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Chapter 8: Aggregate Expenditure and Equilibrium Output

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**1. **Chapter 8: Aggregate Expenditure and Equilibrium Output

**2. **Outline Aggregate output and aggregate income (Y)
Equilibrium Aggregate Output (income)
The multiplier

**3. **I. Aggregate Output and Aggregate Income (Y) Aggregate output is the total quantity of goods and services produced (or supplied) in an economy in a given period.
Aggregate income is the total income received by all factors of production in a given period.

**4. **I. Aggregate Output and Aggregate Income (Y) Aggregate output (income) (Y) is a combined term used to remind you of the exact equality between aggregate output and aggregate income.

**5. **Income, Consumption, and Saving (Y, C, and S)
Saving (S) is the part of its income that a household does not consume in a given period. Distinguished from savings, which is the current stock of accumulated saving.

**6. **Explaining Spending Behavior All income is either spent on consumption or saved in an economy in which there are no taxes.
Saving = Aggregate Income - Consumption

**7. **Household Consumption and Saving Some determinants of aggregate consumption include:
Household income
Interest rates
Households’ expectations about the future

**8. **Household Consumption and Saving The relationship between consumption and income is called the consumption function.

**9. **Household Consumption and Saving The slope of the consumption function (b) is called the marginal propensity to consume (MPC), or the fraction of a change in income that is consumed, or spent.

**10. **Household Consumption and Saving The fraction of a change in income that is saved is called the marginal propensity to save (MPS).

**11. **An Aggregate Consumption Function

**12. **An Aggregate Consumption Function Derived from the Equation C = 100 + .75Y At a national income of zero, consumption is $100 billion (a).
For every $100 billion increase in income (DY), consumption rises by $75 billion (DC).

**13. **Deriving a Saving Function from a Consumption Function

**14. **Planned Investment (I) Investment refers to purchases by firms of new buildings and equipment and additions to inventories, all of which add to firms’ capital stock.

**15. **Actual versus Planned Investment Desired or planned investment refers to the additions to capital stock and inventory that are planned by firms.
Actual investment is the actual amount of investment that takes place; it includes items such as unplanned changes in inventories.

**16. **The Planned Investment Function For now, we will assume that planned investment is fixed. It does not change when income changes.
When a variable, such as planned investment, is assumed not to depend on the state of the economy, it is said to be an autonomous variable.

**17. **Planned Aggregate Expenditure (AE) Planned aggregate expenditure is the total amount the economy plans to spend in a given period. It is equal to consumption plus planned investment.

**18. **II. Equilibrium Aggregate Output (Income) Equilibrium occurs when there is no tendency for change. In the macroeconomic goods market, equilibrium occurs when planned aggregate expenditure is equal to aggregate output.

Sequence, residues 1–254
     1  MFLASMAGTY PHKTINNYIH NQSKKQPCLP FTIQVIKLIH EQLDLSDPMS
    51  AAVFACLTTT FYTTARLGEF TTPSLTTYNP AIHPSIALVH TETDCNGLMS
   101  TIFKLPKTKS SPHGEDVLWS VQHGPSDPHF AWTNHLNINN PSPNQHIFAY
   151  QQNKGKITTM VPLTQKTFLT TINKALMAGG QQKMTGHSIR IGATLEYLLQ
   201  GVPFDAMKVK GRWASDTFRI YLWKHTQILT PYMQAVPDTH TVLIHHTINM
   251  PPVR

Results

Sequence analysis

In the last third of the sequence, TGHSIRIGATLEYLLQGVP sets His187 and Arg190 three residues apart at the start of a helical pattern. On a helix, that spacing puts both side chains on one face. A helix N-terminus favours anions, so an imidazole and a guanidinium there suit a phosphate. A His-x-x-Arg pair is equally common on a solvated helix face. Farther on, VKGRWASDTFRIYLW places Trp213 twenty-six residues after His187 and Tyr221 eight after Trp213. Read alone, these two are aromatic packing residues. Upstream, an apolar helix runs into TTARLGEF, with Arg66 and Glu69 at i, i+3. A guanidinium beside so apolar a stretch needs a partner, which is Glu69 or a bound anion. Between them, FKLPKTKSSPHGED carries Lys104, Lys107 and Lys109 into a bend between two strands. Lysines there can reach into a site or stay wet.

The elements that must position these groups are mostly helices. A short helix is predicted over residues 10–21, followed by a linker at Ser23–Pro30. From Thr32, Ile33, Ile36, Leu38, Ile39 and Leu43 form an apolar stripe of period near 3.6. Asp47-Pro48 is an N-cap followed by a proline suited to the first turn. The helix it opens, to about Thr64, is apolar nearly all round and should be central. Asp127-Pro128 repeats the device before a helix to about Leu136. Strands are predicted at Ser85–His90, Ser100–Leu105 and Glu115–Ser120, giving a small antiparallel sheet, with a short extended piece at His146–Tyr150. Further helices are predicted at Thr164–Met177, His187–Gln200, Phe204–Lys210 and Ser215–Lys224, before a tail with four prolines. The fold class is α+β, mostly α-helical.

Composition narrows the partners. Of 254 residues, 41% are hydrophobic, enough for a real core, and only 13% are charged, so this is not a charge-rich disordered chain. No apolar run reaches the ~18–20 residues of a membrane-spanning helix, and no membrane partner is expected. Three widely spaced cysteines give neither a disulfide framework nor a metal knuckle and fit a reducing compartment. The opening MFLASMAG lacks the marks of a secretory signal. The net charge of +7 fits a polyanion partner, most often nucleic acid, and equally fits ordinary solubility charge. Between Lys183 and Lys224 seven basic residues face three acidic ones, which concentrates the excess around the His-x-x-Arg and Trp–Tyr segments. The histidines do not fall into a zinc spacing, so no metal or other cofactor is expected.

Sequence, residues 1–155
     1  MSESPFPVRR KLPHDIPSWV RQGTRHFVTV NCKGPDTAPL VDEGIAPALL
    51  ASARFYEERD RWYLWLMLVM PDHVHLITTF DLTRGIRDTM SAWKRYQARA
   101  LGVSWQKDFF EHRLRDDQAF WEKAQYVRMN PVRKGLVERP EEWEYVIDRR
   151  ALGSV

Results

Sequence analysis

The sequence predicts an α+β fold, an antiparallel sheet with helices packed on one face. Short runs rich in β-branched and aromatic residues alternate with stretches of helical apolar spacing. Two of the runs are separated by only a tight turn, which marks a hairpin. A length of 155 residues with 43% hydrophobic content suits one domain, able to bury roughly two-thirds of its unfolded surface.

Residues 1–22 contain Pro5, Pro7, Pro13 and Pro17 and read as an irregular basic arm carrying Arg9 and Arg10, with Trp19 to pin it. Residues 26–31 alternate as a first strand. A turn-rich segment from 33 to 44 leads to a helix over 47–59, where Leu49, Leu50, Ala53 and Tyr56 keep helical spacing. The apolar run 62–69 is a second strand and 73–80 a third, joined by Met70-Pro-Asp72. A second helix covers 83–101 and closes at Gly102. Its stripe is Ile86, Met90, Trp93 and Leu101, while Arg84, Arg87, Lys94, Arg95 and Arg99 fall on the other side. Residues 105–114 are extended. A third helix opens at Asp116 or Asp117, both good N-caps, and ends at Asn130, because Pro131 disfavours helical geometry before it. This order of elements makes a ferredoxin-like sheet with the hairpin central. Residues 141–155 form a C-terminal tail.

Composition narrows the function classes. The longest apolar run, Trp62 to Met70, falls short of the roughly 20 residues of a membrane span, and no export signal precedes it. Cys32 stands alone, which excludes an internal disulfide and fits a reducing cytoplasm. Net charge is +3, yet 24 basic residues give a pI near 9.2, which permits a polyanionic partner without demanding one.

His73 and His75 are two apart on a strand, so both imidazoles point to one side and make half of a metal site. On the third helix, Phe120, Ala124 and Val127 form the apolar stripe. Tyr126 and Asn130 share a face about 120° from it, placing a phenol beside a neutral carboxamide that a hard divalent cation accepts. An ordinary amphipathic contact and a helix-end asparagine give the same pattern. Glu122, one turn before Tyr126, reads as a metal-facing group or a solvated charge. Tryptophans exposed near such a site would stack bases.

**19. **II. Equilibrium Aggregate Output (Income)

**20. **II. Equilibrium Aggregate Output (Income)

**21. **II. Equilibrium Aggregate Output (Income)

**22. **II. Equilibrium Aggregate Output (Income)

**23. **The Saving/Investment Approach to Equilibrium If planned investment is exactly equal to saving, then planned aggregate expenditure is exactly equal to aggregate output, and there is equilibrium.

**24. **The S = I Approach to Equilibrium Aggregate output will be equal to planned aggregate expenditure only when saving equals planned investment (S = I).

**25. **III. The Multiplier The multiplier is the ratio of the change in the equilibrium level of output to a change in some autonomous variable.
In this chapter, for example, we consider planned investment to be autonomous.

**26. **III. The Multiplier The multiplier of autonomous investment describes the impact of an initial increase in planned investment on production, income, consumption spending, and equilibrium income.

**27. **III. The Multiplier Equation

**28. **The Multiplier

**29. **The Size of the Multiplier in the Real World The size of the multiplier in the U.S. economy is about 1.4. For example, a sustained increase in autonomous spending of $10 billion into the U.S. economy can be expected to raise real GDP over time by $14 billion.

**30. **The Paradox of Thrift When households become concerned about the future and decide to save more, the corresponding decrease in consumption leads to a drop in spending and income.

**31. **Review Terms and Concepts actual investment
aggregate income
aggregate output
aggregate output (income) (Y)
autonomous variable
change in inventory
consumption function
desired, or planned, investment (I)
equilibrium identity
investment
marginal propensity to consume (MPC)
marginal propensity to save (MPS)
multiplier
paradox of thrift
planned aggregate expenditure (AE)
saving (S)